The internal cohesion of the party had begun to erode well before the 1988 elections. While Duarte was struggling to deal with affairs of state, his own party was polarizing into two personalistic, competitive factions. One of these factions was led by Julio Adolfo Rey Prendes, a longtime party member and associate of Duarte's. The other faction supported Fidel Chavez Mena, a younger technocrat who had disrupted a seemingly harmonious and supportive relationship with Duarte by opposing him for the 1984 presidential nomination. Rey Prendes's faction was commonly known as "the Ring" (La Argolla) or "the Mafia." The latter designation, used by members of the faction themselves, perhaps reflected Rey Prendes's reputation as a backroom political wheeler-dealer. Chavez's followers were referred to as institucionalistas or simply as chavistas.
Through his accumulated power within the party, Rey Prendes was able to influence the nomination of PDC legislative candidates in the 1988 elections. These deputies served as his political power base. The chavistas, although frozen out of the nominations to the Legislative Assembly, rallied to have their man nominated for president at a party convention in June 1988, but only after an earlier convention dominated by members of the Rey Prendes faction was ruled invalid by the Central Electoral Council. Not surprisingly, the earlier convention had nominated Rey Prendes as the party's standard bearer.
Judging by his public inaction in the matter, Duarte awoke fairly late to the trouble in his own party. In an effort to settle the conflict between the two contentious factions, the president proposed in April 1988 that both Rey Prendes and Chavez renounce their campaigns for the presidency in favor of a unity candidate, Abraham Rodriguez. Rodriguez was a founding member of the PDC who had run unsuccessfully for president in 1967. The fact that Duarte's attempt at reconciliation was rejected immediately by both factional leaders demonstrated the president's diminished status and authority among the party's ranks.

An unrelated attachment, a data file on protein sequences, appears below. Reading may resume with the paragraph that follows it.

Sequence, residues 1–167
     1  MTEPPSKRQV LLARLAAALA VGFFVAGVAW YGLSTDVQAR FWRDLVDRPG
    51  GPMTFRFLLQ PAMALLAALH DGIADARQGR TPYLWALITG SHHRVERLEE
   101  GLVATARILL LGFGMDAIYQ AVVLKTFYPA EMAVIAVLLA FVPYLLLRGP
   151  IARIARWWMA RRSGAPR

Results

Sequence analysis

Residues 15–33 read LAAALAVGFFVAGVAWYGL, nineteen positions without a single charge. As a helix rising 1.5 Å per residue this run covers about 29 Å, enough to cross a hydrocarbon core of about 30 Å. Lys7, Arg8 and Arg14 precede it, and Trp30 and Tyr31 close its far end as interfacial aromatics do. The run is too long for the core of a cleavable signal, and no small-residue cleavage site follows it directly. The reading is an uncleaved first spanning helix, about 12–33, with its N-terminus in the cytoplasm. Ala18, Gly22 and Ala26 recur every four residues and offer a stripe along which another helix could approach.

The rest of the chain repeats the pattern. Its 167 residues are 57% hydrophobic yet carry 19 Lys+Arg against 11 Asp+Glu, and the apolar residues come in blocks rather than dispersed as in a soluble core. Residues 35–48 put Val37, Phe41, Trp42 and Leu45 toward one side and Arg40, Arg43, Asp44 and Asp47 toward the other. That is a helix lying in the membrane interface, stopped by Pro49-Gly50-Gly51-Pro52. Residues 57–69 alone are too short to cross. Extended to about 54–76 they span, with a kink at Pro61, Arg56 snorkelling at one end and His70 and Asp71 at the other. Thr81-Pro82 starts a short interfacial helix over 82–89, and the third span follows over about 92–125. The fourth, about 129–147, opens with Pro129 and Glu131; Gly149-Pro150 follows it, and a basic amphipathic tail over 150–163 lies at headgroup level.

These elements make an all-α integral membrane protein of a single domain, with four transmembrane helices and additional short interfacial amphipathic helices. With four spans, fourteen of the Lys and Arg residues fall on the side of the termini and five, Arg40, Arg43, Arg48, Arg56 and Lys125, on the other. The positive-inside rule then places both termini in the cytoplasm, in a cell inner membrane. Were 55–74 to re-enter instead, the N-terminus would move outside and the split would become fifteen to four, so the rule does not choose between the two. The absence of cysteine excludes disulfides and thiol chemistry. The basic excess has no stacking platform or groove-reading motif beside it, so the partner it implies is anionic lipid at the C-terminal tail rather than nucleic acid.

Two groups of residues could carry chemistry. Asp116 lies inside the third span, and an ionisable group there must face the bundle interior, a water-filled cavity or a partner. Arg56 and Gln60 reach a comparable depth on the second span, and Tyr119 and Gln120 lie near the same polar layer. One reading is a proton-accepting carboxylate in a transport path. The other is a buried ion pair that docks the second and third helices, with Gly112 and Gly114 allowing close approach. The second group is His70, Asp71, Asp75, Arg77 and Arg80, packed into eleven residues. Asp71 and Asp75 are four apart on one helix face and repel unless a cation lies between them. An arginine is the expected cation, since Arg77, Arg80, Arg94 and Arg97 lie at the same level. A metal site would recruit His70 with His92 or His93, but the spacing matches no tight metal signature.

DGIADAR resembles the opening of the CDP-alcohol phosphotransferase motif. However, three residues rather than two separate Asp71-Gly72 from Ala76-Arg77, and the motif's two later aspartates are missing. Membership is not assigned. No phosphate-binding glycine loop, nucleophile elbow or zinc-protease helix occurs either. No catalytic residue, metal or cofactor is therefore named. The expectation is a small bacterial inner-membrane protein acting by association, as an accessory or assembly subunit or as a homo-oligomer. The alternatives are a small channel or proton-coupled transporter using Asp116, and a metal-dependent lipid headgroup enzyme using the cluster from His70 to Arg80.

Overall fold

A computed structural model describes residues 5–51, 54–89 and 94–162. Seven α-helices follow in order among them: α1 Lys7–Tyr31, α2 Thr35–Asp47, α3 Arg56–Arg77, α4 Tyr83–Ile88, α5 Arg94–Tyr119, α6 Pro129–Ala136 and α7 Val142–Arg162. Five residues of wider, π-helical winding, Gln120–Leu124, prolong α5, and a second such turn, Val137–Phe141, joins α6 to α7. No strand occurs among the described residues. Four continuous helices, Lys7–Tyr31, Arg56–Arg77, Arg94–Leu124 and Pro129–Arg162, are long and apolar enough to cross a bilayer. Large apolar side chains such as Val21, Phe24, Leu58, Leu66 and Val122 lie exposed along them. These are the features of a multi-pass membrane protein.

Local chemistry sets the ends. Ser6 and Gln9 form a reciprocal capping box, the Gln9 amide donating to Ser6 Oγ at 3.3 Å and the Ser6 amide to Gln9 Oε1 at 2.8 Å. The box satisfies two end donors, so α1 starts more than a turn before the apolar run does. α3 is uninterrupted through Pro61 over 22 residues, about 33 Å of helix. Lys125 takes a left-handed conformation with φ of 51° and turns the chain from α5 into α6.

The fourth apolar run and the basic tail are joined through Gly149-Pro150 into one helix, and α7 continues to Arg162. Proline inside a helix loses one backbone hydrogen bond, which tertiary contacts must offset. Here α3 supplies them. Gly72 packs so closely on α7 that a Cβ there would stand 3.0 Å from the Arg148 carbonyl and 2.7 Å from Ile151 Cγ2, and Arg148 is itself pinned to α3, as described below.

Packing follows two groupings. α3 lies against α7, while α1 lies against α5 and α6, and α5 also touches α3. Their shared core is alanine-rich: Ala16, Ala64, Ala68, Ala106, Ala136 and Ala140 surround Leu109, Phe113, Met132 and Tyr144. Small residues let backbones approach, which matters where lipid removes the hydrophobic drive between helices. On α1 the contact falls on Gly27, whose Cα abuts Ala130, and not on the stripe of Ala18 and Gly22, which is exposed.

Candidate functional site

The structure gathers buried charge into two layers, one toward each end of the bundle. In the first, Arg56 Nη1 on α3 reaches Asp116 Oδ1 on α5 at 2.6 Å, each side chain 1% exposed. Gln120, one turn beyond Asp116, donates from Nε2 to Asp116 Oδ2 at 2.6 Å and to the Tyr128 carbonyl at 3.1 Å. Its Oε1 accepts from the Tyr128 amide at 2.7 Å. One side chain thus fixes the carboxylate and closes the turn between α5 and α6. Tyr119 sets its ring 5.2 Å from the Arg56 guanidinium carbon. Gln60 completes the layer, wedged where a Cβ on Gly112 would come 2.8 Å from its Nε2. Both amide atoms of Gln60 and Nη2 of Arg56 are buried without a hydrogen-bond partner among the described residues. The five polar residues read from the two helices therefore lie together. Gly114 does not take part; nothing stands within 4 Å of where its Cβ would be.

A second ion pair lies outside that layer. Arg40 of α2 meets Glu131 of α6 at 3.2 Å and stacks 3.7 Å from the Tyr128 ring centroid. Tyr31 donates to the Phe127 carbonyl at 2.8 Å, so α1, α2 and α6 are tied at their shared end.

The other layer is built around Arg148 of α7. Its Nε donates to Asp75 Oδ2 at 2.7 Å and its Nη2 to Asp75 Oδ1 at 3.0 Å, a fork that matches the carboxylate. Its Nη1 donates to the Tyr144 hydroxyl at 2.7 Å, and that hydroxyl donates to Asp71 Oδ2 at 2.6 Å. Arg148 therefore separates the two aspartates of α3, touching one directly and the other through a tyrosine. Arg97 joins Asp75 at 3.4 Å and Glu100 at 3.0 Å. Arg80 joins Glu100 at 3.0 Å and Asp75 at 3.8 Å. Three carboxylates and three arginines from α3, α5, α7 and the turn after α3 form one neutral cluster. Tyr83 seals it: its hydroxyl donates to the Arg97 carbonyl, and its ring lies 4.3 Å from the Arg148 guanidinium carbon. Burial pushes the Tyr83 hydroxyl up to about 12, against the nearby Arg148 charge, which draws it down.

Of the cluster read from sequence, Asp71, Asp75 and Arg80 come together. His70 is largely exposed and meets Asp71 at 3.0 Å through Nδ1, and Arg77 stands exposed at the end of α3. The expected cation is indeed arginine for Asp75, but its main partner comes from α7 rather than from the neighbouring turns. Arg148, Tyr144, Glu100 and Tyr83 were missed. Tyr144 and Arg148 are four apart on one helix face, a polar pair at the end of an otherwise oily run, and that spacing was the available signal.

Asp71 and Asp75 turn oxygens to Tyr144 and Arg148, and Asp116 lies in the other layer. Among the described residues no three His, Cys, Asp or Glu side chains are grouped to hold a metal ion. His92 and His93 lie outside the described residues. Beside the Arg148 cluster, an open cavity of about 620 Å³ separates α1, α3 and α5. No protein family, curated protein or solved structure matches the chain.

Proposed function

The decline in the fortunes of the PDC was tragically and almost symbolically accentuated by the announcement in June 1988 that President Duarte was suffering from terminal liver cancer. The illness might have explained to some extent Duarte's faltering leadership of both the government and his party. In any case, the announcement seemed to punctuate the end of an era in Salvadoran politics.
Data as of November 1988
El Salvador Table of Contents